It is certainly gratifying to know that a new formal prize-money agreement between horsemen and BHA on the one side and racecourses on the other is now high on racing’s agenda after the very public fall-out with ARC. The last of these agreements ran from 2014 to 2017, while the terms were largely continued with in 2018.
Broadly, the agreement commits racecourses to contribute either a minimum of 40% or 33% of their media rights income to prize-money, depending on whether the racecourse is categorised as being in the Premier Tier or Standard Tier. On their side of the agreement, the horsemen and BHA would commit to ensuring certain benefits were given to participating racecourses, one of which would be to allow a racecourse to stage any of the 250 BHA-owned fixtures allocated each year.
Of course, there are a number of so-called special circumstances, such as the loss of a major sponsor, under which racecourses can reduce their contribution, but, by and large, the agreements worked well, with good faith shown on both sides, and there is now growing optimism that a new agreement will soon be ratified with most racecourses.
The extraordinary growth of media rights payments to racecourses during the past two decades has made these prize-money agreements a vital cog in the machinery of racing administration. When racecourses were receiving minimal income from bookmakers to allow them to show their pictures in betting shops, the rights were not that relevant. Now, however, with the annual figure in the region of £140m, it has become essential to have a mechanism that reflects the crucial part that owners and horsemen play in generating this money.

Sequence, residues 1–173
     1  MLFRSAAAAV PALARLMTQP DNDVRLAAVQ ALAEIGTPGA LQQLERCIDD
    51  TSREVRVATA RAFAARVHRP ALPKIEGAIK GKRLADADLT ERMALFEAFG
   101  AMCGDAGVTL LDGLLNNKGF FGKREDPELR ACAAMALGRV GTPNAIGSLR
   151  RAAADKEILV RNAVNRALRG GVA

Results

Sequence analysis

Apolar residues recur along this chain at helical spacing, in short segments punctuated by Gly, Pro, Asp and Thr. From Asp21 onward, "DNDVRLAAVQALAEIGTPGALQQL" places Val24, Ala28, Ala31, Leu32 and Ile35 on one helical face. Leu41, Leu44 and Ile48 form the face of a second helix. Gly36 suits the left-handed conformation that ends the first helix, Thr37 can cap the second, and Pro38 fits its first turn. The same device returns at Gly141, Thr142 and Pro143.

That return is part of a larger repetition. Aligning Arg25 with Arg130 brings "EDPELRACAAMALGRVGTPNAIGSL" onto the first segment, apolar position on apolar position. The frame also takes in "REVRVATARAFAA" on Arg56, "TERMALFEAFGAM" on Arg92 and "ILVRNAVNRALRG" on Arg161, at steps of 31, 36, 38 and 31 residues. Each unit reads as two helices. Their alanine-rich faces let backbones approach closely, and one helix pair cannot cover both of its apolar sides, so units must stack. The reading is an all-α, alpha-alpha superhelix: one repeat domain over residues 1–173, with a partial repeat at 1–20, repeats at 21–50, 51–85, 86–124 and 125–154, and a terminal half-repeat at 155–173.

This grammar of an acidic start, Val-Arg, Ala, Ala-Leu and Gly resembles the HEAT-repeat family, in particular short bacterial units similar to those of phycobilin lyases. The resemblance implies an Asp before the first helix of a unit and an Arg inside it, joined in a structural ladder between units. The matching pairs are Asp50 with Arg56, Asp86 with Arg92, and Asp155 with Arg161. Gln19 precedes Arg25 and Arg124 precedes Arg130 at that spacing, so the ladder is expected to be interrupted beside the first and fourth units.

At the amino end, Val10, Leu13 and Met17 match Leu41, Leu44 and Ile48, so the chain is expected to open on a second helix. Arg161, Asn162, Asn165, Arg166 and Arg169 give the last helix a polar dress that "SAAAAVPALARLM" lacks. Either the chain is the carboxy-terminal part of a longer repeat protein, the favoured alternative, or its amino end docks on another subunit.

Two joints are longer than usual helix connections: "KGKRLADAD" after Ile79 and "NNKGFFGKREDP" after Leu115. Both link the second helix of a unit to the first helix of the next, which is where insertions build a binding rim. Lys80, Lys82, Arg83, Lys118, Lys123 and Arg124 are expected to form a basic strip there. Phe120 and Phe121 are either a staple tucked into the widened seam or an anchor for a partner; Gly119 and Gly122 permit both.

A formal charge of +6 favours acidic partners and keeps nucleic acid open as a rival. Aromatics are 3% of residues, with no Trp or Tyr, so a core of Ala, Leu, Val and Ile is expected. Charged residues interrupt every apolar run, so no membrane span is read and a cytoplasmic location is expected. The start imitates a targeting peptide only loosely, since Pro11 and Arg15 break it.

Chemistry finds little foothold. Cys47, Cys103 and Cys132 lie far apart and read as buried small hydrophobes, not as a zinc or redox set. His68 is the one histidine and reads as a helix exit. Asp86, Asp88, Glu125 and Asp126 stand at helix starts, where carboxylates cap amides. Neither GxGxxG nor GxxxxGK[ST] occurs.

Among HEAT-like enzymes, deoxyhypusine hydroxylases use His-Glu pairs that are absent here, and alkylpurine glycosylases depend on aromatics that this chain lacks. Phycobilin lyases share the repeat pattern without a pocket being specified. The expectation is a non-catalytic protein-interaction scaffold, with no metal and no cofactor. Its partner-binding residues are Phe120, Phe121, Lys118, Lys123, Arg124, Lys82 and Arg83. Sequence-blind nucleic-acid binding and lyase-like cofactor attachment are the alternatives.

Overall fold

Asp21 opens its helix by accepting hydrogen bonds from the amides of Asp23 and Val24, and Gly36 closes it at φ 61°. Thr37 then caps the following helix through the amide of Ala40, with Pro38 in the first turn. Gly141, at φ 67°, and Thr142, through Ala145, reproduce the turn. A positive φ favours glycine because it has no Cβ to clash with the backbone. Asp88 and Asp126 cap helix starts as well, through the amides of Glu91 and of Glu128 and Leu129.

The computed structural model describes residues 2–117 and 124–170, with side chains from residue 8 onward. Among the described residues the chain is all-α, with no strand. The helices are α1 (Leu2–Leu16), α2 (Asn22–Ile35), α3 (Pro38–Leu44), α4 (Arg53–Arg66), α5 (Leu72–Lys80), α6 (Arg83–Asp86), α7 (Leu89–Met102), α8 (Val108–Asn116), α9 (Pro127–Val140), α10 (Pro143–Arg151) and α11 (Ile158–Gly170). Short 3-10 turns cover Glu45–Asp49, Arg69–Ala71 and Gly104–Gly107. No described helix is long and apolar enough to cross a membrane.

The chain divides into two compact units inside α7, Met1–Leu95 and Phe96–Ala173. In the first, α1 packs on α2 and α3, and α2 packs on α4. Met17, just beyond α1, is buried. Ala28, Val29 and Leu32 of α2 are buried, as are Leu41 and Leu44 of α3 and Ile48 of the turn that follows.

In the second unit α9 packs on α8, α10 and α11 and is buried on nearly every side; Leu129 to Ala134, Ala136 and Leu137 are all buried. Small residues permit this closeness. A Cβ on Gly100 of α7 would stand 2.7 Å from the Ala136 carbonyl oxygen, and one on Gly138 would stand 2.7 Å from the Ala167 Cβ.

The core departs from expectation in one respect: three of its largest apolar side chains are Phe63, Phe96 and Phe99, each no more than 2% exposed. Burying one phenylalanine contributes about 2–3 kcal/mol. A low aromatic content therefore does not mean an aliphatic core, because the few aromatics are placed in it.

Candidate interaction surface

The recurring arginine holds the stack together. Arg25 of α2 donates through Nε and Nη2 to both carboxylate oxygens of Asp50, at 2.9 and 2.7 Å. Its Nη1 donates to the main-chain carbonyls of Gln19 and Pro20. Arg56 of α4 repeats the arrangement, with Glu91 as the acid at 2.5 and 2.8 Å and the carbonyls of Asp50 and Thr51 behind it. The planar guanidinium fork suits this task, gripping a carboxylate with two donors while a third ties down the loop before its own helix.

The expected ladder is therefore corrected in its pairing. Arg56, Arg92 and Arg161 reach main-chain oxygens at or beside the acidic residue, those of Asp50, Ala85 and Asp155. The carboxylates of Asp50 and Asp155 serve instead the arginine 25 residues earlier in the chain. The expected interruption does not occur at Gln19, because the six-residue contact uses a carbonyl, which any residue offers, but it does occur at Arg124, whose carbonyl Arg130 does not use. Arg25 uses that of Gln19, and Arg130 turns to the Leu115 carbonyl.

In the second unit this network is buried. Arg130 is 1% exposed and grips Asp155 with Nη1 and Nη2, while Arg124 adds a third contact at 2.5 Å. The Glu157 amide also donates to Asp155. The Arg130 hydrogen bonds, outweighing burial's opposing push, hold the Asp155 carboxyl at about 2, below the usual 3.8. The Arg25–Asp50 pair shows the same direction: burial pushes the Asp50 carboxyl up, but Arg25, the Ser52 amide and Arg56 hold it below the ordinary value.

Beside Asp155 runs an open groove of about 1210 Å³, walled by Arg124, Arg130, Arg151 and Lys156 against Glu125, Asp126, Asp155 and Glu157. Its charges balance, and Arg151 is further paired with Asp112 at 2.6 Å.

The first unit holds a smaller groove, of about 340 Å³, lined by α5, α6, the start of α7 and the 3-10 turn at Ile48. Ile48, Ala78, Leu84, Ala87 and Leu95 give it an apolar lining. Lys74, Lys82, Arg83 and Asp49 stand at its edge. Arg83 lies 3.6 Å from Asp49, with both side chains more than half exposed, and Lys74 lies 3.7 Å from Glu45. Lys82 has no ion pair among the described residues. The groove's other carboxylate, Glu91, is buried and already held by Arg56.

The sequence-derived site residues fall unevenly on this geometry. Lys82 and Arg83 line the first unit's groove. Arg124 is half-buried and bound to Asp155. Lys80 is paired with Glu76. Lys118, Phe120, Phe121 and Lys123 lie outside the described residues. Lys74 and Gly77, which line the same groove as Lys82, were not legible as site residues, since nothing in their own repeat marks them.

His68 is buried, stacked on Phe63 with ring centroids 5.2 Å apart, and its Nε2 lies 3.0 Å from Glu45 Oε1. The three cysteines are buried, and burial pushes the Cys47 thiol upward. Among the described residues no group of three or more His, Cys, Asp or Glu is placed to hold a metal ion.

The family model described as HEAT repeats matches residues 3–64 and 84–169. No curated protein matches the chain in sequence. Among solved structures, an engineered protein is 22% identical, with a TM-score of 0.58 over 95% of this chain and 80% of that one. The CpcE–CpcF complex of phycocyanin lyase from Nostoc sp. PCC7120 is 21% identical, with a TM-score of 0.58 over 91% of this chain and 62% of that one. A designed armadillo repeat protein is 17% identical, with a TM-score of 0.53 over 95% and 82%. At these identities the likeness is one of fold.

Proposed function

Although racing is now fearful that the new FOBTs legislation will deplete betting shop numbers and so materially impact on the sport’s income, the current uncertain climate should create an incentive for horsemen and racecourses to work closer together to their mutual benefit.
Even with a new deal in place, the spread and clarity of information that horsemen and the BHA receive from racecourse media companies on media rights deals is superficial at best. The more we are allowed to penetrate the outer shell of these often complex arrangements, the more it has the potential to benefit all parties. At the same time, owners and horsemen would take comfort and assurance from knowing that income for which they are fundamental in creating is being used for the overall good of the sport.
As betting operators are now agreeing to share more data with the Levy Board around those races and fixtures that generate the most turnover and profit, so racecourses, horsemen and the BHA should have similar detailed discussions, perhaps through the medium of an independent body whose members would, of course, be committed to confidentiality.
It is entirely understandable that racecourses have over the years gravitated towards the retail operations of bookmakers as the place to find the richest pickings, but, if we are to believe those pessimistic forecasts for betting shops closures, then racecourses, or their media rights representatives, should surely start to broaden their horizons.
Everybody now expects to see live pictures of sporting events and, as more betting moves away from shops towards online, there is a logic to putting greater focus on the websites of betting operators as a means to increase income from live streaming. Of course, this is already happening, but, when you look at the list of online bookmakers worldwide, you wonder whether those charged with selling the racecourses’ live pictures are fully exploiting this area of the market, especially internationally.
Whatever the soundness of this argument, it is possible that racecourses would find fresh impetus from working still closer with the rest of the industry. Understanding all the implications would allow the sport to make better informed decisions about future strategy, while it would be a step towards the industry being able to construct a much-needed and joined-up commercial plan.